Sensitizing Georgian and Armenian partners on gender-responsive economic policies
Date: Monday, July 22, 2019
To build awareness around the nexus of gender and economics and to understand the importance of gender-responsive economic policy, UN Women organized a five-day training on gender and economics in Kakheti, Georgia.
The five-day training was attended by representatives of different government agencies, civil society organizations (CSOs) and academic institutions, as well as the Georgian Trade Unions Confederation and the Georgian Employers Association. The participants gained insights on different theoretical approaches and practices around gender and economics, including topics related to unpaid care work, decent work and social protection as well as income inequality and poverty through a gender lens.
“Before the training, I believed that we were implementing gender-neutral policies and programmes, but now I understand that there are no gender-neutral policies. By not taking gender aspects into consideration, we are risking excluding the needs and experiences of the majority of the population – women,” remarked Marine Egutia from the Agricultural Projects Management Agency. “The training has provided me with highly informative insights and perspectives that I will start considering when designing programmes to make them more gender-aware.”
The gender and economics training was developed by UN Women in 2017 with the financial support of the Swiss Development Cooperation. The overall objective of the course is to strengthen the capacity of technical advisers and programme staff on the importance of gender-responsive economic policy.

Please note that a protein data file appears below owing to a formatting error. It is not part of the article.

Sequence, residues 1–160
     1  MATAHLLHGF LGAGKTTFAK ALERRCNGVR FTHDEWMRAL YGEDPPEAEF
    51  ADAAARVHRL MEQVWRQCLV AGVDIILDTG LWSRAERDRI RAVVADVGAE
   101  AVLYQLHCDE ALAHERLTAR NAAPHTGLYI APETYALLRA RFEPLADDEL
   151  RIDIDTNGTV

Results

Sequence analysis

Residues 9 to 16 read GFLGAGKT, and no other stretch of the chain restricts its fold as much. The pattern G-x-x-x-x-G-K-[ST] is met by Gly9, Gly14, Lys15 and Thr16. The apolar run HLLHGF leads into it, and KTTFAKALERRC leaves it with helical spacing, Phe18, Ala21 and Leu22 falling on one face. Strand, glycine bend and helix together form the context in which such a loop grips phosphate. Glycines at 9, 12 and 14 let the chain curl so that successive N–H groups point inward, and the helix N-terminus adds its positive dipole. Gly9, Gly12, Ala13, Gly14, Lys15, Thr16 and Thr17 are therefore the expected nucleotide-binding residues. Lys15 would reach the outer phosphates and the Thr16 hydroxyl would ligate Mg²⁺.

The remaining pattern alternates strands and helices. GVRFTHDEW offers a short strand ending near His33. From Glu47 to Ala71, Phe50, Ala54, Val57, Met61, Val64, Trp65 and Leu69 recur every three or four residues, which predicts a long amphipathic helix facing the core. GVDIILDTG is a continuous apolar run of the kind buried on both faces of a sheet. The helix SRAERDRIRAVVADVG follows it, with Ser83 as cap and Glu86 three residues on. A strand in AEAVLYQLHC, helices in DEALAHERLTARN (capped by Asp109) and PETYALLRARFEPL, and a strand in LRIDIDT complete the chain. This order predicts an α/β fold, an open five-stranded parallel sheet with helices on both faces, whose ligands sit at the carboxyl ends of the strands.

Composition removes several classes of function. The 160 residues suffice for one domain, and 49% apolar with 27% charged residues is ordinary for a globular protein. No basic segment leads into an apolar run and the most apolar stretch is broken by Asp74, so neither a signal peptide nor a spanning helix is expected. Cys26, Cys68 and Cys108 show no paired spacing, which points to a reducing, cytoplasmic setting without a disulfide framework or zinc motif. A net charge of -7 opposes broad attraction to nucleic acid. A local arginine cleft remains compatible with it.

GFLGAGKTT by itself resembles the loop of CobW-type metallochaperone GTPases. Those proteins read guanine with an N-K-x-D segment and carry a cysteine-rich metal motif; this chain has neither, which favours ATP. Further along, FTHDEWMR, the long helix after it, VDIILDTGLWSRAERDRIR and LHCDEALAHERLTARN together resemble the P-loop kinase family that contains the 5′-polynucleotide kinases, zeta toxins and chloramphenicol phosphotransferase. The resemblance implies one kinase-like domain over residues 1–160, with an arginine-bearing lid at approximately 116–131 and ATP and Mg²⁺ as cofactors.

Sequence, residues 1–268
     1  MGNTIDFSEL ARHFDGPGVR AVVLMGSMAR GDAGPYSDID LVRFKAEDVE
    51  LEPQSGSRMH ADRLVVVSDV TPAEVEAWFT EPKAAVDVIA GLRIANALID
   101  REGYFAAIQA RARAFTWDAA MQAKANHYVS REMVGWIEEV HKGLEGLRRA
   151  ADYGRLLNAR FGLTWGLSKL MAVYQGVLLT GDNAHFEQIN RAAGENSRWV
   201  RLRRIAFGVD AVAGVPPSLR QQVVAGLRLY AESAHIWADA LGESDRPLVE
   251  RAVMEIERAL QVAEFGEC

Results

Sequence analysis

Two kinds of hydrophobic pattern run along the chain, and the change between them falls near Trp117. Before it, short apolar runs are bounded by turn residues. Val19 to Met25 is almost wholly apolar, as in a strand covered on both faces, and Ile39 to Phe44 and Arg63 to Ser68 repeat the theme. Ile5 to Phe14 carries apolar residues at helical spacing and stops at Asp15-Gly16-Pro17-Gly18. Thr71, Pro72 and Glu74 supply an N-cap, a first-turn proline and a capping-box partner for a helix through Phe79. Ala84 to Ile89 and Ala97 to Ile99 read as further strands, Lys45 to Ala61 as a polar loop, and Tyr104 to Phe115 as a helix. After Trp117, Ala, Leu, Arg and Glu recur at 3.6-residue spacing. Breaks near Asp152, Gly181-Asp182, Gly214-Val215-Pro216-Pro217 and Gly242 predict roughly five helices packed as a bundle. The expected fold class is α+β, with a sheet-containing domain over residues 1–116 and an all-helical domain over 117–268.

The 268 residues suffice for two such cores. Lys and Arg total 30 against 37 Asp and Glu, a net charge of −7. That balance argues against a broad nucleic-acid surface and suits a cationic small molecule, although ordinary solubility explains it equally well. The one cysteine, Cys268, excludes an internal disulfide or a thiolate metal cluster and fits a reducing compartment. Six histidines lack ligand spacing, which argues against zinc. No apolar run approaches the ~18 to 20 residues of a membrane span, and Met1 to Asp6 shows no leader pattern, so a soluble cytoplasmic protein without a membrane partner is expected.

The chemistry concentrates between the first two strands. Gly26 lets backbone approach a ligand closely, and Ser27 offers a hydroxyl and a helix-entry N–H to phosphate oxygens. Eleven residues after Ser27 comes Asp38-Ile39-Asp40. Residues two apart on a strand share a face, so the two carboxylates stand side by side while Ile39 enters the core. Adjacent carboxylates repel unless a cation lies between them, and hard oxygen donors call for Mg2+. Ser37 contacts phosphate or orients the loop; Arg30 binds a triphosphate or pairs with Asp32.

In addition to the five-day course, UN Women organized a one-day high-level meeting (on 22 July) with the representatives of Georgia’s government, the private sector, CSOs and development partners to present and discuss some of the key issues and debates generated by the course. In her opening remarks, the Deputy Minister of Economy and Sustainable Development, Ekaterine Mikabadze, noted that “without providing equal opportunities to both men and women in the country, it is impossible to achieve inclusive growth. That is why we regard today’s topic of discussion as highly relevant.” The participants of the meeting agreed to follow-up on some of the key issues raised by the course (such as unpaid care work, parental leave regulations, a reduction in the gender pay gap and the accessibility of affordable and high-quality childcare services) through their daily work.
Both the course and the follow-up high-level meeting were supported by the “Women’s Economic Empowerment in the South Caucasus” project. The project is implemented with the financial support of the Swiss Development Cooperation and the Austrian Development Agency.